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Building Lifelong Outdoorsmen and Women through Volunteering

Lincoln Dillman (left), his dad Nick Dillman (center) and guide Tim Tower (right). Lincoln harvested his first and second deer as part of this event.

Lincoln Dillman (left), his dad Kevin Dillman (center), and guide Tim Tower (right). Lincoln harvested his first and second deer as part of this event.

During Young Sportsmen Deer Hunt weekend in January, the Tennessee Wildlife Federation hosted its second Hunt Master event. The Federation views fostering the next generation of outdoorsmen and women central to ensuring the long-term conservation of the state’s wildlife and natural resources. And the new Hunt Master program is designed to give youth and their parents an enjoyable outdoor experience to fuel their interest as well as the knowledge to go out on their own once the weekend is over.

Held in West Tennessee, this hunt guided seven youth and seven parents/guardians through a complete outdoor experience. In addition to guiding them through their first hunt, the weekend includes primitive camping, fireside chats, field-to-table meals, and skills development—such as ethical shot placement and determining a deer’s age.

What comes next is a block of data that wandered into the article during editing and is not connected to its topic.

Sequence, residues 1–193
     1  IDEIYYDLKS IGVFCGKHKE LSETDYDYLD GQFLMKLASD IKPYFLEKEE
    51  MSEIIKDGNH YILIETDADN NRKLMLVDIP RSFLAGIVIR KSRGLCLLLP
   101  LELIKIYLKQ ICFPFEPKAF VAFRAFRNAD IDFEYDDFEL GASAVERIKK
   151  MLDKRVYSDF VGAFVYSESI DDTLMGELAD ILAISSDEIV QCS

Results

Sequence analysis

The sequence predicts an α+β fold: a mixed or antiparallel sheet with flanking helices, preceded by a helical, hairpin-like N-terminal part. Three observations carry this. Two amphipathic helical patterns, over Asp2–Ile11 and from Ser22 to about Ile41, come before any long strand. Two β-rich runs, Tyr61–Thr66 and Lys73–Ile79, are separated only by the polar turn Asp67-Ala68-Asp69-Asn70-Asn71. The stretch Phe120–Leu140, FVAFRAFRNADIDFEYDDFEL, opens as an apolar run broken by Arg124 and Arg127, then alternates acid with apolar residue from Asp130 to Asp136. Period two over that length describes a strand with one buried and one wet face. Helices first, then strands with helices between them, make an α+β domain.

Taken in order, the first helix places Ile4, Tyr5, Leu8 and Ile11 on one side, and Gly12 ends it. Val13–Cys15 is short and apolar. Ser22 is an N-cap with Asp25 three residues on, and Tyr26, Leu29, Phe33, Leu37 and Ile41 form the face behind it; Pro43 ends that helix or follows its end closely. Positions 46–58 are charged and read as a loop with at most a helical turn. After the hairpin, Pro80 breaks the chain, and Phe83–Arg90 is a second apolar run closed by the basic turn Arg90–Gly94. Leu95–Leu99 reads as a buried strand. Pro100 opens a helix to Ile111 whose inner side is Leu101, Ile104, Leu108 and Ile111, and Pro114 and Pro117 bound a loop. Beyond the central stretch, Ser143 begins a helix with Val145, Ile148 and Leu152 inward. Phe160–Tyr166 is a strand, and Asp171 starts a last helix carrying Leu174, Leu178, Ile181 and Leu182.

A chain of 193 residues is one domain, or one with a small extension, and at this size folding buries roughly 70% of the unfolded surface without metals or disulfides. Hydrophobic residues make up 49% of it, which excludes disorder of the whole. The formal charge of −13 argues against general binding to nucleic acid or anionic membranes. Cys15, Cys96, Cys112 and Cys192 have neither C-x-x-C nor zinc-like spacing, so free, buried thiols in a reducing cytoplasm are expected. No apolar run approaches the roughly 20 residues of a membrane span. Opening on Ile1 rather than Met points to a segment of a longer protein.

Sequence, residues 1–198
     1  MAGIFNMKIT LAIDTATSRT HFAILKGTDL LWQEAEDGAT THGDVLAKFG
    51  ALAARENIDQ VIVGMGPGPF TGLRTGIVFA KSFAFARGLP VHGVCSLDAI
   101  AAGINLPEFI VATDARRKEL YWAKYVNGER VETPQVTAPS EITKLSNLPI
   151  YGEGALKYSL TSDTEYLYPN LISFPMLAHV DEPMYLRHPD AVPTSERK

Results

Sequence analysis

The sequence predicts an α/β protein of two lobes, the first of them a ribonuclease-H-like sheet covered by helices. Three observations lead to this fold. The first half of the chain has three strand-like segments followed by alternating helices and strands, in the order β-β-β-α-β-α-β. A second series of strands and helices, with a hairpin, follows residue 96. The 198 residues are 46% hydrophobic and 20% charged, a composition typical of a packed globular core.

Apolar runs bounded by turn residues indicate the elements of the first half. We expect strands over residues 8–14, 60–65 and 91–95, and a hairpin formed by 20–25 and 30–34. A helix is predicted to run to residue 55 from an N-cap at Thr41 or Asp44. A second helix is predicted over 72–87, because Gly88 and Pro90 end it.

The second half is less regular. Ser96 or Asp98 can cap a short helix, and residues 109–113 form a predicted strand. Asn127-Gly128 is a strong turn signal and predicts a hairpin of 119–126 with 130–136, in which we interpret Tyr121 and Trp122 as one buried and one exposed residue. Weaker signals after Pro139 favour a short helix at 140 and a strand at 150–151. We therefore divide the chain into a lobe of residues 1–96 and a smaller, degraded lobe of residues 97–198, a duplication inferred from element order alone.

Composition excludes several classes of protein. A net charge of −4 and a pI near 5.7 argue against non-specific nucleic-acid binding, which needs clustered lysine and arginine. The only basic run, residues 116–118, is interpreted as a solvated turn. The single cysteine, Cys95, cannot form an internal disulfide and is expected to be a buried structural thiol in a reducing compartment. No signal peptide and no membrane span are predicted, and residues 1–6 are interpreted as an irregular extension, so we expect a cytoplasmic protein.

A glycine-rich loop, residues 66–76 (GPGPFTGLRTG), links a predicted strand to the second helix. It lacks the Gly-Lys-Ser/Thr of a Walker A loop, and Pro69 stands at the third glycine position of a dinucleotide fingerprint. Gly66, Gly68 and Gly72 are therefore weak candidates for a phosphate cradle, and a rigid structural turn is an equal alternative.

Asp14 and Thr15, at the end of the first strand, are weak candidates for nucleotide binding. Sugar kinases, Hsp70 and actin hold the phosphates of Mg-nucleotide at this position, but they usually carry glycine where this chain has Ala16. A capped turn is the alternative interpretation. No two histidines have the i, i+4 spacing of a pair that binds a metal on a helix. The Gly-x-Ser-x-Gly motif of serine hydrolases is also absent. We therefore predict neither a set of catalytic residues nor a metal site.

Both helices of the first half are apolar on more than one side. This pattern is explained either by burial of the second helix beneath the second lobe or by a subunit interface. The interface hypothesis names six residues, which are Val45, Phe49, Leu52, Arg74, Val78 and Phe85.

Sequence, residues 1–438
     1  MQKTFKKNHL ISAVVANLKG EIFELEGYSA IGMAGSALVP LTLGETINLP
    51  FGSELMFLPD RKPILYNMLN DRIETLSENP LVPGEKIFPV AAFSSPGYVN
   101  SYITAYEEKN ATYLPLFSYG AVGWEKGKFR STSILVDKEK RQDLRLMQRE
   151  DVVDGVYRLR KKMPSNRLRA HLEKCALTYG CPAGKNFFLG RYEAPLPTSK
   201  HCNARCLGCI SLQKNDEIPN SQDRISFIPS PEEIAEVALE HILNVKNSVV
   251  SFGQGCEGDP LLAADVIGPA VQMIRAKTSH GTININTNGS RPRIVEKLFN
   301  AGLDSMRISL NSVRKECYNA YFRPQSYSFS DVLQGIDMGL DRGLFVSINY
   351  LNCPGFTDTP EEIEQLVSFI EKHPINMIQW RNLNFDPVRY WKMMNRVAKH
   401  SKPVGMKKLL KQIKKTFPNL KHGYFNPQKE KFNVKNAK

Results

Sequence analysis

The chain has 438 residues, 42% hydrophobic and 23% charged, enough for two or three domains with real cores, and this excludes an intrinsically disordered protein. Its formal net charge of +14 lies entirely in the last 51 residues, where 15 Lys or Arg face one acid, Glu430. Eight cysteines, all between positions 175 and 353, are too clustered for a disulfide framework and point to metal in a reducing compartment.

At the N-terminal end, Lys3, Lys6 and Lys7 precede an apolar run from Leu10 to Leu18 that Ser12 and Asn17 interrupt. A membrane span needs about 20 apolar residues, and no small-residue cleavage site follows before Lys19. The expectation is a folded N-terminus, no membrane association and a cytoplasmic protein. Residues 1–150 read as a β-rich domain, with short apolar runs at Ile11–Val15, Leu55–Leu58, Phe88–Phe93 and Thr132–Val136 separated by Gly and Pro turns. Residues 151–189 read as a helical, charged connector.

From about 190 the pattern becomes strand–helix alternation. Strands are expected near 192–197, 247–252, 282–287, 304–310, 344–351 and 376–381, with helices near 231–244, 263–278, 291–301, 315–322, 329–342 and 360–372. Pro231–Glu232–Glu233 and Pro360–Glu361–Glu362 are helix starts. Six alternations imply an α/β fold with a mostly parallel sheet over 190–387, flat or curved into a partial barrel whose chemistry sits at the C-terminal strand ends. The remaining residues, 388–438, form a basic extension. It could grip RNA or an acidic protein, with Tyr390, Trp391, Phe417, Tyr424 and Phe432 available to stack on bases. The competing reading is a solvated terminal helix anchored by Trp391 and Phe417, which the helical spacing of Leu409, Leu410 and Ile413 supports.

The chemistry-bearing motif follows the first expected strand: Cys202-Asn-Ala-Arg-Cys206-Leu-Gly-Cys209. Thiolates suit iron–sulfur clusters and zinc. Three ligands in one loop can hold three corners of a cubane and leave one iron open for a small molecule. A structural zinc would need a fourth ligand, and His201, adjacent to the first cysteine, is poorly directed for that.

“The transformation we see in both kids and their parents is incredible. Some enter the weekend with excitement about their first hunt. Others are less engaged,” said Matt Simcox, manager of youth hunting and fishing programs at Tennessee Wildlife Federation. “But by the last night when we are all winding down around the fire and reflecting on the weekend, it was clear everyone enjoyed the hunt, the weekend, and the time together.”

“Many are already making plans to go out again on their own. That is the result we hope to see,” added Matt.

The seven youth hunters harvested four does during the weekend. One youth took two, donating the second to the Federation’s Hunters for the Hungry program that provides donated venison to food banks and soup kitchens. Photos from the hunt can be seen HERE.

“These hunts are proving effective with sparking interest about the outdoors in youth and their parents. It takes a lot of work to pull it off—there’s a 3:1 adult-to-youth ratio on these trips,” said J.W. Worthen, director of programs at Tennessee Wildlife Federation. “Volunteers make the program possible and we’re working to train a base of volunteers across the state so more kids have access to the Hunt Master program.”

A broad range of volunteer skills are needed for the weekend—from guiding hunts to cooking to outdoor skills instructors. The Federation trains volunteers and provides them with all of the tools and support needed to participate in future hunts or lead their own.

“Creating a network of people who provide social support to these young outdoorsmen and women is key.”

“Without friends who share interest or parents who can help plan trips, it’s less likely these kids will keep venturing into the great outdoors,” said J.W.

To learn more about becoming a Hunt Master or volunteering with the program, contact J.W. Worthen at

Thanks to our benefactors and sponsors that made this hunt possible: Landowner Dr. David Sloas; Landowner Dr. Jack Gayden; Land Manager John Gayden; Tennessee National Guard; Quality Deer Management Association; Gander Mountain; Academy Sports; Thompson Machinery; Warren Community Church of Somerville, Tenn.

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